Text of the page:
This is a prime candidate for the hydroculture system. Conversion is fairly rapid with little or no signs of stress. Alocasia is also part of a select group of plants that suspend new growth during the transplanting process rather than discarding it. After water roots develop, the plant resumes growth of the new, unfurled foliage.

Alocasias are sensitive and their needs must be met accordingly to keep them happy. If you’re not willing to make that extra effort, don’t take one of these lovely plants home, it’ll disappoint you. And you’ll end up singing the Alocasia blues. Just like me.


  1. Just say no, Martha! Life is too short to beat yourself up over your inability to grow a fussy plant. get something that'll appreciate you and love you back.
    (I sound a bit like a marriage counselor, but you get the idea.)

  2. Ha are right, dirtynailz! And I do that now -- only pick up plants that appreciate all I do for them. Enough is enough!

  3. I have read more gardening blogs than I can count, and yours is the 1st one, I actually wanted to reply to. Your Alocasia story was really entertaining and well written. This is my first year having one in my house. It is a Alocasia Mayan Mask. It is HUGE and in a 20 inch pot with Philodendron Xanadu and Asparagus densiflorus 'Sprengeri'. I've had it indoors for about a month now as colder weather is upon us. So far so good. Regarding the humidifier, you are dead on! It wasn't until 5 days ago, I put the humidifier on next to my Alocasia, and I literally watched the leaves slowly rise up higher and higher until they were pointing almost straight up! Amazing. Funny thing is, as soon as I turn it off, I get to watch the process in reverse. It's crazy. Up and down, up and down. Other than that little bit of silliness, it is thriving in the bay window in sun from 8am to 12pm with its companions: 2 Philodendron Xanadu, Mahogany Fern, and a Draecana Palm. Of course, I have way too many spider plants around the house, but I can't bring myself to discard the babies because they are such reliable and forgiving plants. As for plants that have been unforgiving, I am like you, I give them a few chances, and then they are history and replaced. No reason to waste space with a "brat" when another more appreciative plant can take its place!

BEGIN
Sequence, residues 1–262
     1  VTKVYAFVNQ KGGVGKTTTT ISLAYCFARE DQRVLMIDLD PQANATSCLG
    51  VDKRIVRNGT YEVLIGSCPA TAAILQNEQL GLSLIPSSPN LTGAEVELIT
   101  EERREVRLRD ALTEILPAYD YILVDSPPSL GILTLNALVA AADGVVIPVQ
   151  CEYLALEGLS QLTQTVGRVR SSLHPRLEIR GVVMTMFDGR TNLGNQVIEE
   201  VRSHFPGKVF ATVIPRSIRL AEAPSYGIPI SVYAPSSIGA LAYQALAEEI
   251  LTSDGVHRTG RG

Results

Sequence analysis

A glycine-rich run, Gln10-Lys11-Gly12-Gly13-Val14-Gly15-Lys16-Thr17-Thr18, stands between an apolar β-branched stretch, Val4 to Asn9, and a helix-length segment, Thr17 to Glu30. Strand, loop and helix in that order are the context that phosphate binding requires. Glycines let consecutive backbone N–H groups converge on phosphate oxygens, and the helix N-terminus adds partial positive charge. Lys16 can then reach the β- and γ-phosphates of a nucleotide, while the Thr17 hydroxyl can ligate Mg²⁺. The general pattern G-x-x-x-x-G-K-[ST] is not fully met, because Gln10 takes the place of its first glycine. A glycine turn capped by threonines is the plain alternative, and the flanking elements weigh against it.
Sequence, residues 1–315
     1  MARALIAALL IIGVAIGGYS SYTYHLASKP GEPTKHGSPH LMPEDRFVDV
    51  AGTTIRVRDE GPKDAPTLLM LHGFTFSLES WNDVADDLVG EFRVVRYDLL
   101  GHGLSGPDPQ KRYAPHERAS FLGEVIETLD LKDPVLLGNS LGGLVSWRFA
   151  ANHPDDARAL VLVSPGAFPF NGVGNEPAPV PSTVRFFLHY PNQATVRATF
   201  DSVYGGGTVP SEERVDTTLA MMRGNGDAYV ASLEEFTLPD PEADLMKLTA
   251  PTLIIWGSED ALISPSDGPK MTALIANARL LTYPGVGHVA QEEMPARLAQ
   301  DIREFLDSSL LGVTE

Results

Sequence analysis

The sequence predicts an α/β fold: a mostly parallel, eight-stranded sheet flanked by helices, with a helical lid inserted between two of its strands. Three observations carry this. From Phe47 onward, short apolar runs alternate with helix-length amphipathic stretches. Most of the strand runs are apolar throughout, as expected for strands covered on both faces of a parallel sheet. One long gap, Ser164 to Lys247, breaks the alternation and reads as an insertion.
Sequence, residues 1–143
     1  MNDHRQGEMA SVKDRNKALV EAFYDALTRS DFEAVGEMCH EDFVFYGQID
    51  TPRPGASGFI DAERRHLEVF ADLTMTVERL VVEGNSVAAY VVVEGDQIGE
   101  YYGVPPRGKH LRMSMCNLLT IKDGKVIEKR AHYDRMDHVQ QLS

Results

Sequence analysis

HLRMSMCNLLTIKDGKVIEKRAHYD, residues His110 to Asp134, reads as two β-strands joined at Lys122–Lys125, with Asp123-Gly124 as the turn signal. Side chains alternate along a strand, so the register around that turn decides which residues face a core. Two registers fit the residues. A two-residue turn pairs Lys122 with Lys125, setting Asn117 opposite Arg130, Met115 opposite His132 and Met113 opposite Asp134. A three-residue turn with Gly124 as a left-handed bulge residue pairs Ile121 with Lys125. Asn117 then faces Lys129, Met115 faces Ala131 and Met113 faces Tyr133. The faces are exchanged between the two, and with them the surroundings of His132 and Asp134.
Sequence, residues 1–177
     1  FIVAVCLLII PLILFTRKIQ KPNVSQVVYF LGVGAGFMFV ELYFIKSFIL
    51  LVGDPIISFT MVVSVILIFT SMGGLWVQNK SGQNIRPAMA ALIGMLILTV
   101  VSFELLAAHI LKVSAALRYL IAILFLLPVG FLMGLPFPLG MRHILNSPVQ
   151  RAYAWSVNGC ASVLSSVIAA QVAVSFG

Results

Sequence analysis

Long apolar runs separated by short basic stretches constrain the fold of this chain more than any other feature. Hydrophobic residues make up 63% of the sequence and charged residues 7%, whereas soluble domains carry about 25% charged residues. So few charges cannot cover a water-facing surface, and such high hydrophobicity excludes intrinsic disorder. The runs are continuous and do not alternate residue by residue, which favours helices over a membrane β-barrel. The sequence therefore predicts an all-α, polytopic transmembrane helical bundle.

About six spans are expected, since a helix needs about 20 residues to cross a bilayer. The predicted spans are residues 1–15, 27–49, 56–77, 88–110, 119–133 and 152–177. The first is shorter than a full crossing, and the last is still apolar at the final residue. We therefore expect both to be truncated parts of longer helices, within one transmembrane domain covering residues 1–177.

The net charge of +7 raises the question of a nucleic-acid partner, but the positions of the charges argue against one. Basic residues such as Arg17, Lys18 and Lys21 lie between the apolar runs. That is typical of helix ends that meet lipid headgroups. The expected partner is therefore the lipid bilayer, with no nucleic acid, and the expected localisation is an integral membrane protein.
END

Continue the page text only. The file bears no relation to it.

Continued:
4. hello! Almost all my flowers are in hydroponic system.. My gold ones and very belowed: kroton, dracena (various kinds), russula (various as well), peperomia, ferns, saintapaulia, Streptocarpus, anturium, Spathiphyllum, Pelargonium!, cissus
    Very very funny written is this story, just a common one if you consider it coldely. I just want to say I like it.
    I considered many times this beautiful flower and every time i concluded that the next time i meet it i must get the one but although i cant explain it at all - every time i get such an occasion something whispers "Dont do it!" and i obediently dont. Afterwords when i am home i am thinking "How the hell is it possible that i am still without Alocasia?" And i am looking for the next occasion of course.

    1. Hi Yvonne, thanks for visiting and commenting. If you're up to the challenge, give this plant a try. You never know... You might be very successful with it!